Distance: 12 km (return from the lake) + 5 km (return from the pass)
Elevation Gain: 455 m (to lake) + 100 m (to pass)
How To Get There: Take Icefields Parkway 33 km north of Lake Louise junction. Watch for signs for the crowfoot glacier viewpoint. The parking for Helen Lake is on the other side of the highway.
This was not the first time my sister and I had attempted this hike. Back in May of 2015, we had decided it would be a good idea to attempt to get to Helen Lake despite all of the snow that was still on the ground (spoiler: it wasn't a good idea). Long story short- Kim ended up falling into the snow stomach up, hilariously resembling a turtle on its back. Needless to say, we only made it about 2 km into the hike before giving up and we promised ourselves we would conquer it another day.
Today just happened to be that day. The forecast was a bit cloudy but that didn't deter us. We wanted to say we had hiked Helen Lake once and for all! So even as it began to spit on us as we started on the trail, we paid it no mind.
The trail is fairly wide at the beginning as it makes its way up a gradual ascent through a thick forest of pine trees. Make sure to watch your footing on this trail, especially at the beginning, as there are tons of tree roots sticking up from the ground!
Other than a few trickling stream crosses, the first 3 km of this trail, while beautifully green, isn't much to look at.
The reason for this trail's popularity reveals itself about 2 km into the hike, when you start to see occasional breaks in the trees that allow you to steal glances at Crowfoot Glacier and Bow Lake below you.
Just as soon as Kim and I reached the same point we had turned around at last time, we were greeted by a large group of hikers led by a park's administrator. The administrator warned us that there had been several bear sightings and to exercise caution going forward. We briefly considered turning back around but were then joined by two other hikers. With a larger group and having our bear spray in hand, we felt confident enough to keep hiking (we definitely increased our noise levels after that though).
We walked through a large section of burnt out trees before finally reaching the largest incline of the trail, a series of very short switchbacks that practically lead straight up.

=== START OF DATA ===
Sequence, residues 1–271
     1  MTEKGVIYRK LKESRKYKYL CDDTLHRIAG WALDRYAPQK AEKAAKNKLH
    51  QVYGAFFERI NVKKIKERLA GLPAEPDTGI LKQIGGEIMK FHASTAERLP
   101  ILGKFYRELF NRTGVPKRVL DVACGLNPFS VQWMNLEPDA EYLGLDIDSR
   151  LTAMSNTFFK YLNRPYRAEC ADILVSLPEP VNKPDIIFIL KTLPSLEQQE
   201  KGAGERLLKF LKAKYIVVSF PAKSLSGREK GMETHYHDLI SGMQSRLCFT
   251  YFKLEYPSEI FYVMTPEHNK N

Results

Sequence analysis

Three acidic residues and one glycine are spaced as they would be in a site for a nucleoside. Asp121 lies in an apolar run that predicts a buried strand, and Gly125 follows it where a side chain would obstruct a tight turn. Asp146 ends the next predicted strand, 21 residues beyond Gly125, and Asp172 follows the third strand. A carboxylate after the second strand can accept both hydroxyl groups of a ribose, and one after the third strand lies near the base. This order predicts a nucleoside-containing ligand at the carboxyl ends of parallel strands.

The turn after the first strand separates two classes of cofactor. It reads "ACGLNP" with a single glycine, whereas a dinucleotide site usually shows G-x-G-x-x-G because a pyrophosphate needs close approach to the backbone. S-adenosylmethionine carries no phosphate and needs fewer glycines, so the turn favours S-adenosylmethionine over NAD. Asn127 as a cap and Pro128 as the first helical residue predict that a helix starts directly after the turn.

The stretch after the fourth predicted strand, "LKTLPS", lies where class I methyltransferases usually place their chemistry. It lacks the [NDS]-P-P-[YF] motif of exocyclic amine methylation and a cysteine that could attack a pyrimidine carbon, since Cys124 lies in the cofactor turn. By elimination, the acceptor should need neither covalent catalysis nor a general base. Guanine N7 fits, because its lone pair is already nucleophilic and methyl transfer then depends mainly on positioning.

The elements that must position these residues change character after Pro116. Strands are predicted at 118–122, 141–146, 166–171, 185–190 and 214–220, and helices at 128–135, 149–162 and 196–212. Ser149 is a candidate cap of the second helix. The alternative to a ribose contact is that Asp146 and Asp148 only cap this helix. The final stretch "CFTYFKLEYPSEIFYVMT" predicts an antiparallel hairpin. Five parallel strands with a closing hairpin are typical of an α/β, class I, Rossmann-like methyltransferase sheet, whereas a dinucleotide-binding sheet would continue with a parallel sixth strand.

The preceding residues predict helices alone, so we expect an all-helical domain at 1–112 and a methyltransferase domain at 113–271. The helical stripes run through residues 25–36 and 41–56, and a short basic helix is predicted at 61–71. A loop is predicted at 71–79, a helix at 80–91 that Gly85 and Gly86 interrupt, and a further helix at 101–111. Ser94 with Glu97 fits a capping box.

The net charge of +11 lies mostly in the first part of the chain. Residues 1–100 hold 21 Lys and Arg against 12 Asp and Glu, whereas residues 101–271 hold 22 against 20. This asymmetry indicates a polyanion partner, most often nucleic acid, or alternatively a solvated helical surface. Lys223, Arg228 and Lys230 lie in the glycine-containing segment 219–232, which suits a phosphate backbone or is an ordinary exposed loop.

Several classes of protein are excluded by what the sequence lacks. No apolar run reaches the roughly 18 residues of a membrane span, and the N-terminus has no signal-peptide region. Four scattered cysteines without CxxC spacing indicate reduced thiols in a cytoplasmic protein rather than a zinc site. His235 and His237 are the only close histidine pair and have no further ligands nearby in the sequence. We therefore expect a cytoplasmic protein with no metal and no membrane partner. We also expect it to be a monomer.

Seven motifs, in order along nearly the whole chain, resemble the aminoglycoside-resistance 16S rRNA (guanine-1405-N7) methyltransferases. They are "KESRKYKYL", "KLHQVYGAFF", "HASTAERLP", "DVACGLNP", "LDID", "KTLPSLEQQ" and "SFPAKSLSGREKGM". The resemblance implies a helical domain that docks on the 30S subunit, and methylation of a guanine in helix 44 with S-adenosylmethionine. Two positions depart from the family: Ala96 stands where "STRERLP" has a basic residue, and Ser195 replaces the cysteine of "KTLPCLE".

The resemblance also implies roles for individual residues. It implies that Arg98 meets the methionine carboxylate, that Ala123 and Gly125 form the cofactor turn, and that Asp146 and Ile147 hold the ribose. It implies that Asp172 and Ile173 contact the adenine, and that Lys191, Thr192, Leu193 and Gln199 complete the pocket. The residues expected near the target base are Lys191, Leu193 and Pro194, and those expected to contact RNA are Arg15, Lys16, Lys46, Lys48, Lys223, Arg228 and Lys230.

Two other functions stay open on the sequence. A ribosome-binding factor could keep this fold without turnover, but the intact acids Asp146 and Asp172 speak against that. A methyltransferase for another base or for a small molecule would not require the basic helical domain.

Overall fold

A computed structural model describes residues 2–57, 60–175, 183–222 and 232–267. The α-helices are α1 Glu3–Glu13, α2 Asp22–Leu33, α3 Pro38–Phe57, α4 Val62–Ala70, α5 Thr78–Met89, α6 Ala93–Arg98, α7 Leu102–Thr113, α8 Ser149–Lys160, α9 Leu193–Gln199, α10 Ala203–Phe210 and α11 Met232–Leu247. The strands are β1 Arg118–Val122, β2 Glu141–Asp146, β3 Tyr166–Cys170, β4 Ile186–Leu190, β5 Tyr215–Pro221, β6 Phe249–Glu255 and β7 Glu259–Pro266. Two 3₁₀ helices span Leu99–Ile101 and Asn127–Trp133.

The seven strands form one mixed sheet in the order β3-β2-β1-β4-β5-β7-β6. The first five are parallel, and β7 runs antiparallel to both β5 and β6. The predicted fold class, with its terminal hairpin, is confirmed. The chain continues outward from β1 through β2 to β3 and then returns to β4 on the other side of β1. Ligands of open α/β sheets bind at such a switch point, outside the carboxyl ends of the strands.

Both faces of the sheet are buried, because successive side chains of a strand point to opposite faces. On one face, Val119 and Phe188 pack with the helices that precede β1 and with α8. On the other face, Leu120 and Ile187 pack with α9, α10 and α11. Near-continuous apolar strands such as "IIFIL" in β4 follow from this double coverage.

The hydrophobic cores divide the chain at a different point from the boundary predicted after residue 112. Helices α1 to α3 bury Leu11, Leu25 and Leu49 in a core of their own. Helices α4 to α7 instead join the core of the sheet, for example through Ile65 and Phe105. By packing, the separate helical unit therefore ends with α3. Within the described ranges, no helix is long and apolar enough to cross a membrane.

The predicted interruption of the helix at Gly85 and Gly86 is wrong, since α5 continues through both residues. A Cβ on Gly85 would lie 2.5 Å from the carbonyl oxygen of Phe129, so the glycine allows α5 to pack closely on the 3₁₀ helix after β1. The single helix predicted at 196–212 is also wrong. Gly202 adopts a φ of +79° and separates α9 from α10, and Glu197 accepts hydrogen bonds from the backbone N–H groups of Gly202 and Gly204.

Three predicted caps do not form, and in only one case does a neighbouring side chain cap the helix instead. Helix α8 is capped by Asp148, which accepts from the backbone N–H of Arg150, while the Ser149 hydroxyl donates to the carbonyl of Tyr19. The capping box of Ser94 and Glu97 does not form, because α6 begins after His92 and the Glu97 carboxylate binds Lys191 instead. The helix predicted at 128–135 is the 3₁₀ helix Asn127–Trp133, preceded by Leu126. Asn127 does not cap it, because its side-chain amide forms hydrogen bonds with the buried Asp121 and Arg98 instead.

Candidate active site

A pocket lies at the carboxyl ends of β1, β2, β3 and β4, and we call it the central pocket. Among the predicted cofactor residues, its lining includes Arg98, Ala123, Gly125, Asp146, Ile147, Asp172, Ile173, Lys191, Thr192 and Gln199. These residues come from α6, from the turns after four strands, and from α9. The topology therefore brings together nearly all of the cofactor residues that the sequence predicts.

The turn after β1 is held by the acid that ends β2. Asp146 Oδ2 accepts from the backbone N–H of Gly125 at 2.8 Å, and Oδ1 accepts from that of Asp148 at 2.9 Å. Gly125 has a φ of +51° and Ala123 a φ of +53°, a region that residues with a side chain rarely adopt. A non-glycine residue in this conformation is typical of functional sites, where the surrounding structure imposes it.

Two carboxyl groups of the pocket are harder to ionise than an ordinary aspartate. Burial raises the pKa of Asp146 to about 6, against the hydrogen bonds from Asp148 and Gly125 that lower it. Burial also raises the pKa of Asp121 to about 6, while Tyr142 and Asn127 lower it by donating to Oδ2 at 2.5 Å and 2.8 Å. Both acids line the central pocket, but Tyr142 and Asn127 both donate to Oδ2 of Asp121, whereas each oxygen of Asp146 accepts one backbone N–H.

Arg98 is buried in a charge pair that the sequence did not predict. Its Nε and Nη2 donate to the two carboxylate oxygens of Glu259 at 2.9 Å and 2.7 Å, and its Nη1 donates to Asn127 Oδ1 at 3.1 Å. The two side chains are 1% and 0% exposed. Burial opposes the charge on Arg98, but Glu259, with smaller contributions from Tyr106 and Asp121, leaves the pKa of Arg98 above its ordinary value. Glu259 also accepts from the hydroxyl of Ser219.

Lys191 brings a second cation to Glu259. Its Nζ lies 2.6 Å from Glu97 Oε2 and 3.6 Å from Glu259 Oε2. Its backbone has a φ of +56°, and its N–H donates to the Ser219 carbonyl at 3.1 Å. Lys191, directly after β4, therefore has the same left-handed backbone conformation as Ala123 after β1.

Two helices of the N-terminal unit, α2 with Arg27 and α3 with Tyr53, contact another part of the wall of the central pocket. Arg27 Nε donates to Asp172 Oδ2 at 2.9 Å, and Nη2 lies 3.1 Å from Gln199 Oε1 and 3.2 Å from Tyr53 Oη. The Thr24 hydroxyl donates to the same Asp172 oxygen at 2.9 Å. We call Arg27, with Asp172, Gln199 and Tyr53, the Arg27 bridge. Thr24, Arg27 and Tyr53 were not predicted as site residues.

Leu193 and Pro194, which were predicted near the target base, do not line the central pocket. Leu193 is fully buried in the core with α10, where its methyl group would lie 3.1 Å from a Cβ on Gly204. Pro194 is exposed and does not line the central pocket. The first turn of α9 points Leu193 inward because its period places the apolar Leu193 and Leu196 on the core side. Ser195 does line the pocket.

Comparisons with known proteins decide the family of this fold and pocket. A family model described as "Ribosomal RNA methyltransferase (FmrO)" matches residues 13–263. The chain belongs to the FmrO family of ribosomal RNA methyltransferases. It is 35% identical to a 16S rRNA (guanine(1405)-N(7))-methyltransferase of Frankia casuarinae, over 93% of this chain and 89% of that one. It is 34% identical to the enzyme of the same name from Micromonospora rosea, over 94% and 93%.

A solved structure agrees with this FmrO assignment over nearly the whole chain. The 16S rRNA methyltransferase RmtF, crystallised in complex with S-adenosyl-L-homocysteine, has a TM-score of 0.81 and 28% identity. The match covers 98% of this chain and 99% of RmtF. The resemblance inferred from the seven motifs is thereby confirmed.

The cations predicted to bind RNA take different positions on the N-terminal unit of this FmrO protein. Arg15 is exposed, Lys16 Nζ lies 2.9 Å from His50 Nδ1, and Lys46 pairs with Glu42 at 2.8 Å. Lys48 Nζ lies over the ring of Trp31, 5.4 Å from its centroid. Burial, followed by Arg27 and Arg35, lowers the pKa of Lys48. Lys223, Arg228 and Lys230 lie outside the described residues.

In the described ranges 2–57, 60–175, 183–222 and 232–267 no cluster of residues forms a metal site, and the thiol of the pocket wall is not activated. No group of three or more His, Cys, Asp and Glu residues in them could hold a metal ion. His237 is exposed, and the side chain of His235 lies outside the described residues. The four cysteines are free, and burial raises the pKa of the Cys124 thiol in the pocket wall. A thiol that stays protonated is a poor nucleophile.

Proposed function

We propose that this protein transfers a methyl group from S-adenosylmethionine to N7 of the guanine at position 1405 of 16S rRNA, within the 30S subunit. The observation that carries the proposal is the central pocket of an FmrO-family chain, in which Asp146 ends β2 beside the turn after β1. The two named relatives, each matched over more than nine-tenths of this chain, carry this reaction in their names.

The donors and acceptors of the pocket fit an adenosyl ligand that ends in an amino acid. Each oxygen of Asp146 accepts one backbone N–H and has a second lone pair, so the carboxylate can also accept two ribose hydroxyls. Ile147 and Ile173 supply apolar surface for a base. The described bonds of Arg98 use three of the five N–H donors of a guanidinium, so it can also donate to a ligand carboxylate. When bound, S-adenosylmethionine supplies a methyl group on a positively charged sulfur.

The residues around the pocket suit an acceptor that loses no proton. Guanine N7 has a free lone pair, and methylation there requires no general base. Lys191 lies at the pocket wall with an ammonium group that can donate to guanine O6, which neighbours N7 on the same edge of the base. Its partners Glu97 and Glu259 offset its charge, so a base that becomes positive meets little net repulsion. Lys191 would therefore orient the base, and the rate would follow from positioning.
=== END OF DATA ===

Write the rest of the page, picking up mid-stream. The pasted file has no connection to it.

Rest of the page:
This only lasts for a short while though and soon the trail spits you out on the other side, allowing for a miraculous view of Dolomite Peak, and further off to your left, the vast meadow (about 3 km wide!) that holds Helen Lake.
You then begin looping around until you are caught in between a giant scree slide from the mountain on your left and the valley that leads up to Dolomite Peak on your right.
An abundance of wildflowers of all shapes, colors and sizes guide you through the trail as you go up and down, through a patch of pine trees and up and down again until finally you catch your first glimpse of the beautiful creek that separates the scree from the meadow.
After hopping across the water, we began walking towards our first main objective. The meadow, dotted with yellow and white flowers, seemed to stretch on forever!
Now, Helen Lake isn't exactly the most impressive lake out there. It's not very big and the water's colour doesn't hold a candle to say, Peyto Lake. But it is surrounded by gorgeous mountains, providing ample opportunity for wonderful photographs.
One of these peaks is none other than the challenging Cirque Peak.
Kim isn't a huge fan of going down a steep incline so I decided to take her up Dolomite Pass instead. So after we stopped for lunch at the lake and took a few photos, we continued on our way towards the Pass.
Once you get to the other side of the lake, you begin gaining elevation almost immediately. The switchbacks weren't particularly difficult but they definitely had us pausing to catch our breaths several times. Or maybe we had to catch our breaths because of the immediate gorgeous view (because it took our breath away...get it?).
While we climbed, we were accompanied by quite a few hoary marmots. If you ever want the chance to see a hoary marmot in the wild then definitely go on this hike. Those little guys were everywhere! And they are very accustomed to humans as they came right up to us while we were sitting and taking a rest.
The hike to the top of the pass isn't very long but there is a lot of elevation gain and no trees to provide any shade so it was a bit of a slog. But once we reached the top (marked by a giant cairn), the views were definitely worth it! It was gorgeous. From the pass, were able to see the valley, lake and meadow in one quick glance!
As we stood and admired the view, we were visited by a few more hoary marmots, who gave us numerous opportunity to take pictures of them. They were natural models!
After a few minutes, a few dark clouds began to move towards us from the north so we decided it was time to head home. I'm so glad we continued up the trail despite the bear warning. Attempting this hike for the second time was definitely worth it as it provided numerous gorgeous photos and some wonderful pictures.
While this is a common area for a generational family of grizzly bears, don't let that deter you. We hiked by one hiker who was very familiar with the area and he told us as long as we practiced bear safety, no one had ever had a problem with the bears as they were very accustomed to people in the area. It's a great hike for people of all ages (at least to the lake) and can even be snowshoed in the winter!